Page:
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Introduction

In 2012, over 230 000 women worldwide were diagnosed with ovarian cancer, with Eastern and Central Europe having the highest incidence rates (11.4 and 6.0 per 100 000, respectively) [1]. The most important prognostic factors are the tumor stage and the removal of all visible tumor sites [2], [3]. The 5-year survival rate through all stages is still below 50% despite continuous improvements, especially in systematic therapy [1]. Pelvic and paraaortic lymphadenectomy is considered a necessary part of staging surgery for early ovarian cancer (up to and including FIGO IIA) through its role in the correct assessment of the tumor stage and corresponding prognosis [4], [5], [6], [7]. The incidence of pelvic and/or paraaortic lymph node metastases in FIGO stages I and II varies between 6.1 and 29.6% depending on the literature, with the highest incidence found in poorly differentiated and serous tumors [8]. Mucinous carcinomas or low grade serous carcinomas (LGSC), on the other hand, appear to have a very low risk for nodal spread [9], [10]. In advanced ovarian cancer, several retrospective data showed that lymphadenectomy is beneficial for prognosis when a macroscopically tumor-free resection is achieved [11], [12]. Recently, however, the Lymphadenectomy In Ovarian Neoplasms (LION) study showed that in patients with advanced ovarian cancer (FIGO IIB – IV) and clinically (CT scan and intraoperative palpation) inconspicuous lymph nodes, omitting systematic lymphadenectomy did not worsen the prognosis, but operating time and peri- and postoperative morbidity were favorable for patients in the no lymphadenectomy group [13]. In addition, 30-day mortality was almost twice as high in the group where lymphadenectomy was performed. Interestingly, although the lymph nodes were described as normal in CT, metastases were histologically present in 55.7% of cases in the lymphadenectomy group.

However, when lymph nodes are enlarged and suspicious, lymphadenectomy up to the renal vein is still part of standard debulking surgery [2]. For the assessment of abdominal and retroperitoneal (nodal) tumor spread, computed tomography (CT) is the standard imaging method in gynecological cancers [14], [15], [16] and is therefore crucial for optimal preoperative planning. However, there is limited data on the detection accuracy of lymph node metastases by CT scan in ovarian cancer.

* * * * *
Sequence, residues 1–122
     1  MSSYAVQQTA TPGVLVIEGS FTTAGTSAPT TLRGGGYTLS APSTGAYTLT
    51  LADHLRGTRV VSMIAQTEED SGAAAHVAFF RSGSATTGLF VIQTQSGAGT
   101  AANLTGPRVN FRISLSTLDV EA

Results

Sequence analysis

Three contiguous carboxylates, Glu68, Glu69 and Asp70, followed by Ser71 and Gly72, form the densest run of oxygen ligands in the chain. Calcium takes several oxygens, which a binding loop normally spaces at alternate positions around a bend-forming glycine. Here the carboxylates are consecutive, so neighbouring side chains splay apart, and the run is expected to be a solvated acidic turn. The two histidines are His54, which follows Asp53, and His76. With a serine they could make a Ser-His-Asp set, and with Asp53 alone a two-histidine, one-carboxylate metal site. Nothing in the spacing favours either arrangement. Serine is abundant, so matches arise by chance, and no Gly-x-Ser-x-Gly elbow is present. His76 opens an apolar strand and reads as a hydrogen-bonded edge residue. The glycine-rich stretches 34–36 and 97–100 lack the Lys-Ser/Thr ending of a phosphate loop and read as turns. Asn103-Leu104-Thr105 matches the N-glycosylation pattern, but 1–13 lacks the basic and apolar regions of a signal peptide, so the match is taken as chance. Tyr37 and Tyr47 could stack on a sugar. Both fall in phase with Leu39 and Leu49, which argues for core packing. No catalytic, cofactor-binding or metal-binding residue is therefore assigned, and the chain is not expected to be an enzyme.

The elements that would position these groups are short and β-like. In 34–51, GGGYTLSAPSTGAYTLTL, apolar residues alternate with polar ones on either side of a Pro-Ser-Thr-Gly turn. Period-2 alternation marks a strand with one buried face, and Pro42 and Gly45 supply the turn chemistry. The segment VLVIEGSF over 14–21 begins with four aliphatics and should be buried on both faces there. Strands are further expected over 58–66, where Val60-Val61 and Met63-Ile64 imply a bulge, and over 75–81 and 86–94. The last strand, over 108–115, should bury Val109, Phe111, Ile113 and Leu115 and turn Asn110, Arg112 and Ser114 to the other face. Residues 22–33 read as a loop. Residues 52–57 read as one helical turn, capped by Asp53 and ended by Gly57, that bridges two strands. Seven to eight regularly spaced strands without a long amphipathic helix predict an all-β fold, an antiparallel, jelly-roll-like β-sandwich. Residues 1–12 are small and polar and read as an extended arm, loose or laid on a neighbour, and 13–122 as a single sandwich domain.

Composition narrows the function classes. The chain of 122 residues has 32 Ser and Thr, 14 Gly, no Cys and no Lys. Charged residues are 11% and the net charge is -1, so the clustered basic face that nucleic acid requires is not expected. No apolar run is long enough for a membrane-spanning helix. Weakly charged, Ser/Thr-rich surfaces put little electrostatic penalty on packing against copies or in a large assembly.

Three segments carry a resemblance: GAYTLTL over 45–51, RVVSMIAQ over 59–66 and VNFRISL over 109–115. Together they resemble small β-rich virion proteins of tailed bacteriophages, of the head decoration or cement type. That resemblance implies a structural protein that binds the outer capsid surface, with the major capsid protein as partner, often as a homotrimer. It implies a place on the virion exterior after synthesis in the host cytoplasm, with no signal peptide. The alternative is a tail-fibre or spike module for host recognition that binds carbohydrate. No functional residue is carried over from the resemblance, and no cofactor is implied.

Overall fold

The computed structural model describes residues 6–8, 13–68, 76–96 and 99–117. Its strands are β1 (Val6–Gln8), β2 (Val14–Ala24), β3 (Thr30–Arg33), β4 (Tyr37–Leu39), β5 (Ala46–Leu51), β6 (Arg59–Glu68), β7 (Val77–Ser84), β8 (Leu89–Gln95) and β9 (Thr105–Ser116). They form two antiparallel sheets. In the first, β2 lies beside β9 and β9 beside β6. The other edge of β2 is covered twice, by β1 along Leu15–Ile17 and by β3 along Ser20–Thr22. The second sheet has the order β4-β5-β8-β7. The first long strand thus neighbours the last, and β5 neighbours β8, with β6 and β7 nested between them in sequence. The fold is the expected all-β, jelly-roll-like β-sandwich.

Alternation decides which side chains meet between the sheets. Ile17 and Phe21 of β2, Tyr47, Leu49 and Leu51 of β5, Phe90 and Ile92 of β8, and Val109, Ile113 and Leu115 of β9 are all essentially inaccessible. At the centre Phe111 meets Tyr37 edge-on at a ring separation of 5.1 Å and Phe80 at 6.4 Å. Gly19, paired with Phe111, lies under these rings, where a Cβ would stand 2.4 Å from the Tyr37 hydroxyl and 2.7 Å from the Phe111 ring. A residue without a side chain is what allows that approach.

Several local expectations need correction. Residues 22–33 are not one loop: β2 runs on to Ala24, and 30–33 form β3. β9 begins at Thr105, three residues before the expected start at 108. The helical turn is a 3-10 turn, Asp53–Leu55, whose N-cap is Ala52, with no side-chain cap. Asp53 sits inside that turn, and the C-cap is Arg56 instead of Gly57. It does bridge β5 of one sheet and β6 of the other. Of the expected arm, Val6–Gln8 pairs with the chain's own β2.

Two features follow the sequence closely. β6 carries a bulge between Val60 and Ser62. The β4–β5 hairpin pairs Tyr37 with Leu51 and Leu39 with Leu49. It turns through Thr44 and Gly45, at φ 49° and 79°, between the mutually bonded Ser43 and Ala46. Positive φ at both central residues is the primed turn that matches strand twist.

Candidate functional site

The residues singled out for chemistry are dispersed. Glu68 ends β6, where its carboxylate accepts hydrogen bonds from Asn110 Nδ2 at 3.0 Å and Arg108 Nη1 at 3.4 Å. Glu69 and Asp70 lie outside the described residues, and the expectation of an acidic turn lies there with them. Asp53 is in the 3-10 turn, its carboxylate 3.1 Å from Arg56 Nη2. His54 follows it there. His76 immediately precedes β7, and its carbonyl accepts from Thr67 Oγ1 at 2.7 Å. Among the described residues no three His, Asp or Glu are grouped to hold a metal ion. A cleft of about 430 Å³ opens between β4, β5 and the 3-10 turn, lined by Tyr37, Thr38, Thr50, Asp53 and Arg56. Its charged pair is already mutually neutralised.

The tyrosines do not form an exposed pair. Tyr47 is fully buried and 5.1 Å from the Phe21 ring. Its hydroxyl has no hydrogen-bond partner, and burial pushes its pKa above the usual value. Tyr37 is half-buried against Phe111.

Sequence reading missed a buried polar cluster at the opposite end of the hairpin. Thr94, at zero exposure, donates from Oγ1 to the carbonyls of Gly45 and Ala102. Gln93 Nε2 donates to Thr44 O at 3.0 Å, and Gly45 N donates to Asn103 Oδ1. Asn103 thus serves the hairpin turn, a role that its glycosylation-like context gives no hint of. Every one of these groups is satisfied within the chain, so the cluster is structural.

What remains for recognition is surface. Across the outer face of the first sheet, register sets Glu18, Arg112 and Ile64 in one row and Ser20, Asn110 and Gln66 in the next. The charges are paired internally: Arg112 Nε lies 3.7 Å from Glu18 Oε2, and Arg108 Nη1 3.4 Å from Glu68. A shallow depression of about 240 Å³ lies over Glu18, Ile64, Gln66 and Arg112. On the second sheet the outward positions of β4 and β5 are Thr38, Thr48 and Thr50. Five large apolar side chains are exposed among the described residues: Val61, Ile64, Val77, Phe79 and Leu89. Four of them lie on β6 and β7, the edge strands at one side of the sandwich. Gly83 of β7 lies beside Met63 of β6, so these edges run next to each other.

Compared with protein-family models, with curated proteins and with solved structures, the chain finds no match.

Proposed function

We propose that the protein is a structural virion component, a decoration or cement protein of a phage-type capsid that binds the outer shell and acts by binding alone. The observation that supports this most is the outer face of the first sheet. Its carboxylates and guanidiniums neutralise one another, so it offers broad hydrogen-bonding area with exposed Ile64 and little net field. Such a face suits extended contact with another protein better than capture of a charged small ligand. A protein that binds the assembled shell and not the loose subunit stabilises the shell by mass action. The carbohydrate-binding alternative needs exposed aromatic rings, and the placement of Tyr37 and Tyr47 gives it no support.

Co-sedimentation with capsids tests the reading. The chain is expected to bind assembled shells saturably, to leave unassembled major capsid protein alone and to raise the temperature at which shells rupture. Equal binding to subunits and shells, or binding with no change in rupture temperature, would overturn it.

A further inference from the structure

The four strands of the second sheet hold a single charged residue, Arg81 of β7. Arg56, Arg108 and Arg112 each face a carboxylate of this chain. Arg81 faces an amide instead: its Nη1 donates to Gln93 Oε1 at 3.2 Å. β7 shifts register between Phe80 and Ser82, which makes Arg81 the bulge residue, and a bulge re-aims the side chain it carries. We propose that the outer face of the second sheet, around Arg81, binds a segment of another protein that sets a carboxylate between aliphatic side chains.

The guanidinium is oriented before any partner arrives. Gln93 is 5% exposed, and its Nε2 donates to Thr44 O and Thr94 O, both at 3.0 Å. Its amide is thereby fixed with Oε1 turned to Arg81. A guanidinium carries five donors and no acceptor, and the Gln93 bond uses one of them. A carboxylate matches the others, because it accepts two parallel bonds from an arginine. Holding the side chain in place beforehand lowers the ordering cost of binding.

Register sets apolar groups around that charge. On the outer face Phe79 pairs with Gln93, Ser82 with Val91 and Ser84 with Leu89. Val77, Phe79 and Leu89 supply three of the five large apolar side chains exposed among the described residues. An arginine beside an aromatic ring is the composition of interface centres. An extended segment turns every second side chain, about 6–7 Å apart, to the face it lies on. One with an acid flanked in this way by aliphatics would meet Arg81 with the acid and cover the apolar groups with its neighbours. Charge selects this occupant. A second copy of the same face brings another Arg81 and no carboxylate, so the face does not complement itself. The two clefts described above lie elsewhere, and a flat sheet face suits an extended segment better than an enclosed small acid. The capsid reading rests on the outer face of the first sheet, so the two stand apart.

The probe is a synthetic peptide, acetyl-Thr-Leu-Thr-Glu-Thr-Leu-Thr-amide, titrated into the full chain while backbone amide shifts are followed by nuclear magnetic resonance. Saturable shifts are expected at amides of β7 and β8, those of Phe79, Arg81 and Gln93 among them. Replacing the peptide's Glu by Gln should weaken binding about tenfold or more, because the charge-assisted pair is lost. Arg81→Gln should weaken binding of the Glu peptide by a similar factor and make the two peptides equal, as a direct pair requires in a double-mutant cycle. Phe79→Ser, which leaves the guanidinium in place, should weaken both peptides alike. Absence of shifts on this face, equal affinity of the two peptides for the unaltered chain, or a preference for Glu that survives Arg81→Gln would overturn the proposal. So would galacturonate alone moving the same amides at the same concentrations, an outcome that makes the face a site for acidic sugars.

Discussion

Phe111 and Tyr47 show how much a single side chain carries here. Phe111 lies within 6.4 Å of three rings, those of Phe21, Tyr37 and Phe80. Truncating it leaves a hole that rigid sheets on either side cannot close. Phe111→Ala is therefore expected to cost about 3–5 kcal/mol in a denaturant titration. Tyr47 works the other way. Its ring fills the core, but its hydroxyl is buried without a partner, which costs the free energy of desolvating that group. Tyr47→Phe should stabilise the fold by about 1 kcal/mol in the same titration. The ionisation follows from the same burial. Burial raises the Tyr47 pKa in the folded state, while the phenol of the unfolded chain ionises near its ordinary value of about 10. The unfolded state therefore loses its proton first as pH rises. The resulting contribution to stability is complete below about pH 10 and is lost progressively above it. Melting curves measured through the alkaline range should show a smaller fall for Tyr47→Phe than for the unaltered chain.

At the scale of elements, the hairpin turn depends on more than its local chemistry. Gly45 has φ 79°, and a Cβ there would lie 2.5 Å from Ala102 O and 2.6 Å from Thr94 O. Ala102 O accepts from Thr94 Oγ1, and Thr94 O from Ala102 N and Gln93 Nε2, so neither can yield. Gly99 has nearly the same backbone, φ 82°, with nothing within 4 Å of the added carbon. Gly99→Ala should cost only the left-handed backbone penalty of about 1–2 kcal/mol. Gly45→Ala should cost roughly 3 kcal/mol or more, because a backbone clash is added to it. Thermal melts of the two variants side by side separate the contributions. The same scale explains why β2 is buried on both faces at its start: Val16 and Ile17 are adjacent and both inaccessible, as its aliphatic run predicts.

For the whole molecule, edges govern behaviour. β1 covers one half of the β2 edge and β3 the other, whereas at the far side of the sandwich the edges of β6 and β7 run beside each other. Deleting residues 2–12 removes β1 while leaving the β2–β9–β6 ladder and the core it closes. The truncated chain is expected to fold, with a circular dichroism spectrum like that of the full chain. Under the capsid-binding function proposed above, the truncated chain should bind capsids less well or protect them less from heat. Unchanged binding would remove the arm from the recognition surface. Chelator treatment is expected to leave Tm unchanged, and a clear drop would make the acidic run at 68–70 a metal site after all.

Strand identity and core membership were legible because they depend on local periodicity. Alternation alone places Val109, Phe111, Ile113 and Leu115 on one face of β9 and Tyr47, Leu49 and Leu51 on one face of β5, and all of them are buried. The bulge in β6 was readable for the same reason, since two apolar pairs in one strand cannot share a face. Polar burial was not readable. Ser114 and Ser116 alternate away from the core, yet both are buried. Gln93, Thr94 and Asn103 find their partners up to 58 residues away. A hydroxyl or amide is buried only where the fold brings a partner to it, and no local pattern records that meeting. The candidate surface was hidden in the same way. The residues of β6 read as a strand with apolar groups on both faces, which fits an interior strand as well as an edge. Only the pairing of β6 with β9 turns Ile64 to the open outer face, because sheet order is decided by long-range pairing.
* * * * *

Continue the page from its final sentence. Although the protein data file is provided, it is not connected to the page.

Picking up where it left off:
In this retrospective single-centre study we therefore intended to evaluate the quality and predictive power of CT with regard to lymph node involvement in ovarian cancer on the basis of a patient cohort treated at our tertiary gyneco-oncological unit.


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Patients and Methods

Out of 230 patients that presented with ovarian cancer at the Department of Gynecology and Obstetrics at our hospital between the years 2000 and 2012, 114 patients with complete data sets that received a primary surgery with the declared aim of complete cytoreduction and at least five removed lymph nodes were available for this analysis. The records from these patients with ovarian cancer that were treated with standard surgery (tumor debulking, pelvic and paraaortic lymphadenectomy up to the left renal vein) at our department were retrospectively analyzed. Therapeutic recommendations were based on current guidelines and made after patients were discussed with our radiologists on the basis of CT and possibly MRI images in our local tumor board. Until July 2006, the 2-slice model “TWIN RTS” and then the 16-slice model “Brilliance CT 16 Slice” both from Phillips were used for the computer tomography. A highly dose contrast-enhanced CT scan (kV 100, effective mAs 228, layer thickness 1 mm) was performed before and 90 seconds after injection of a contrast medium. The CT examination was recommended when ovarian cancer was suspected and was performed a few weeks (2 – 4 weeks) prior to surgery. Lymph nodes were considered suspect if they were larger than 1 cm in their smallest diameter or if their shape deviated from the normal. Every CT scan was seen by at least two radiologists (advanced resident and senior radiologist). The staging laparotomy included at least removal of both adnexa, the uterus, omentum as well as the pelvic and paraaortic lymph nodes up to the left renal vein. In the case of tumor spread to other locations, the excision of these areas was carried out with the goal of complete cytoreduction. In cases where no complete cytoreduction could be achieved, systematic lymphadenectomy was omitted. The operation was performed exclusively by gynecological surgeons with many years of oncological experience. Criteria for inclusion in the present analysis were the histological diagnosis of epithelial ovarian cancer and complete patient data (reports of indication, surgery, and histology). The FIGO classification used before the amendment, published in 2014 [17], was used. Patient records were extracted from our clinical documentation system SAP GUI (Graphical User Interface) and SAP ISH (Industry Solution Hospital; version 6.17 SP 18). Due to its retrospective character, no patient consent was required, while local ethics committee granted a positive vote to conduct this study (No. 228/17).